By: Amy Murray

“What do you want?” I asked, forcing my chin up in order to meet his eyes. James was tall, much taller even than my five foot eight inch frame, and that was saying something since I was wearing three-inch heels.

“Did I do something wrong? Back there, on the patio? I mean, you left like—” James looked me up and down. “Like you’d seen a ghost.”

Something took flight inside my stomach. “No. I’m just tired.” I didn’t sound all that convincing.

His brows furrowed, and I watched his hands move toward me. They were thick and scarred like they’d known violence, but when he placed them on my shoulders, they were gentle and soft. His touch lit my body aflame, my muscles twitched, and the words I feared only moments before returned.

“Promise me,” I said. My voice was light and faint, and when our gazes locked, my vision blurred and the air shifted. James’s face blinked in and out of focus before the world around me turned dark, and a vision of another time—another place—shadowed my sight and stole my breath.

I gasped with every step, running at a pace I couldn’t sustain. James pulled me behind him, his strides so long I could hardly keep up. I stumbled, and the tiny button holding the ankle strap on my shoe broke in our haste. I kicked it off and left it behind so I could move faster, but now my footfalls were lopsided and awkward.

“In here,” he said as he pulled me into a dark alley between two buildings. There were no streetlights, nothing to light the blackened shadows, and the fright trembling inside of me was a living, breathing thing.

“What do we do?” My voice quivered between panic and exhaustion. “Where do we go?”

He pushed me farther into the shadows until my back pressed against the cool brick wall. My black and white satin dress stuck uncomfortably to my sweat-slicked skin, and my purse slipped from my fingers, dropping to the ground with a clink.

James placed a hand over my mouth and whispered in my ear. “Whatever happens, stay quiet. Don’t move. Don’t make a sound.”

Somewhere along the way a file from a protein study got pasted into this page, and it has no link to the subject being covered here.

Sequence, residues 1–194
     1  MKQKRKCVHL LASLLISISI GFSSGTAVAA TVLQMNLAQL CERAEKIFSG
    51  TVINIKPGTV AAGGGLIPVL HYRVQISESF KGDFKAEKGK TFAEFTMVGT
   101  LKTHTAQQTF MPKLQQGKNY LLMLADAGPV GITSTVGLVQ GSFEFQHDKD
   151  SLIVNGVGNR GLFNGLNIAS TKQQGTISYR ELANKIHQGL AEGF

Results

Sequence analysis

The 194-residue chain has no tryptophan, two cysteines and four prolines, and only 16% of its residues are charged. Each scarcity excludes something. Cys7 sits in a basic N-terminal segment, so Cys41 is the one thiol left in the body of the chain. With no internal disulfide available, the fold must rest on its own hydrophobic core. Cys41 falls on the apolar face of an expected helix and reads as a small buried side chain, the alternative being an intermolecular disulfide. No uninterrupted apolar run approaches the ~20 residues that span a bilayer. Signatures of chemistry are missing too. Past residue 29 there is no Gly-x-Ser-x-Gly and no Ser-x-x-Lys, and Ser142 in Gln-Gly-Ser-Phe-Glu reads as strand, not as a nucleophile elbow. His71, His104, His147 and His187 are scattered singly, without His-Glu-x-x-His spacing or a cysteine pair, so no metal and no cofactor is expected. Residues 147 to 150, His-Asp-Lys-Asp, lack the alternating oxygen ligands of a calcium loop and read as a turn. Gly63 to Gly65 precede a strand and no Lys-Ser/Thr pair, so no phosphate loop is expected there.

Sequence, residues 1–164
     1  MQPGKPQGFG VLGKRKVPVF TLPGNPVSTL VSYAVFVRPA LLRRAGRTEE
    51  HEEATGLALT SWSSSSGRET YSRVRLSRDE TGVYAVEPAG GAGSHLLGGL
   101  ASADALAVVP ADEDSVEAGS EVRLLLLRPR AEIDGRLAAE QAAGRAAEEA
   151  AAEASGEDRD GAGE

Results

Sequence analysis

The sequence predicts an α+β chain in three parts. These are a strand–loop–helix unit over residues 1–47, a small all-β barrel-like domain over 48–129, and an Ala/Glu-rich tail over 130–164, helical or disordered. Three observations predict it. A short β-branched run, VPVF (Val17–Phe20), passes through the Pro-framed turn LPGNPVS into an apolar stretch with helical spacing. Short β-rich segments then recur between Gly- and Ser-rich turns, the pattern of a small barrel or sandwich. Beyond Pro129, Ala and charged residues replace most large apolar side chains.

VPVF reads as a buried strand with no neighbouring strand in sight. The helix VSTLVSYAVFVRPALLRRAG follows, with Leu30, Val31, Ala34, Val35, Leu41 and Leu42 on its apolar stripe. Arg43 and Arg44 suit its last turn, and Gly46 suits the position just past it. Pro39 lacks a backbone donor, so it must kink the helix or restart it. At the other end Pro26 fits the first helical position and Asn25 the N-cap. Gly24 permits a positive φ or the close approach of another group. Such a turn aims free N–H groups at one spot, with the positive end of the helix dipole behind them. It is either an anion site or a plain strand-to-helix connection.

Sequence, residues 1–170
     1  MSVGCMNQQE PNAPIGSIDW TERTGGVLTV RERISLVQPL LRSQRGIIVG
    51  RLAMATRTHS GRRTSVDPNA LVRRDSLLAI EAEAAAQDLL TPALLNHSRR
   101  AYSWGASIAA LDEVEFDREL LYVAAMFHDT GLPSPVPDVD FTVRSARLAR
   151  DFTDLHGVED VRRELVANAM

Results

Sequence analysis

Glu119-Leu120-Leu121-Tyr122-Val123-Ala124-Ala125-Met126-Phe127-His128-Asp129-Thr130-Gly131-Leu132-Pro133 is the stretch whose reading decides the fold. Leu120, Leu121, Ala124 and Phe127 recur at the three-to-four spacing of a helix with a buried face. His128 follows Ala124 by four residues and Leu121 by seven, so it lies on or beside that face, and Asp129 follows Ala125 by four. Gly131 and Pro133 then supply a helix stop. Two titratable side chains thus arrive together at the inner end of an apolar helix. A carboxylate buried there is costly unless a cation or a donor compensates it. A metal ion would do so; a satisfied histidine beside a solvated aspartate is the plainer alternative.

His hands moved to my cheeks before linking behind my neck.

I shook my head, and tears filled my eyes. “I don’t know what you mean. I don’t understand.”

“Promise me.” His eyes were wide and urgent. His voice was soft but pleading.

“James, I’m scared.” His body pressed against mine, and he kissed me hard and fast.

“Promise me,” he said against my lips.

I didn’t want to and shook my head in disagreement. His thumbs grazed my cheeks, and he kissed me again. “Please.”

I heard the desperation in his voice—the despair—and there was nothing I wouldn’t do to erase that sound. My lips moved before my mind registered what I’d done. “I promise.”

He grabbed my hands. “Do you trust me?”

“Yes,” I said.

He pulled me from the wall and turned me to my left. “Now jump.”

In front of me was a freshly dug hole about three feet wide, and just as I was about to protest, he pushed. There was a brief sensation of weightlessness before I landed with a thud, and the shallow puddle of water at the bottom did nothing to break my fall. I moved to my right and into the shadows, expecting James to follow me.

When he didn’t, I peered up to find him standing above me.

“James?” I asked. He tossed something down, and I stared at my purse lying at my feet. “James,” I said again. Hysteria rose inside my throat, but it was nothing compared to the crippling panic that seized my voice when he pulled a grate over the opening.

The sky was black above him, and his face was impossible to see. “Remember your promise,” he said. He stepped away, and my knees buckled under the weight of his decision. Choking on a sob, I was left alone with nothing more than the silence of my broken heart.

The air around me cooled, and I could hear muffled music pulsing from inside the bar. Pushing a breath through my lips, I reoriented myself and squeezed my eyes shut against the confusion crowding my thoughts.

“Come on, let me drive you home.” James’s voice was calm and quiet, nothing like the fear-stricken voice from before, and his warm breath tickled my neck. My head was pressed to his chest, and the steady thump of his heart pounded against my ear. “Can you walk?” he asked.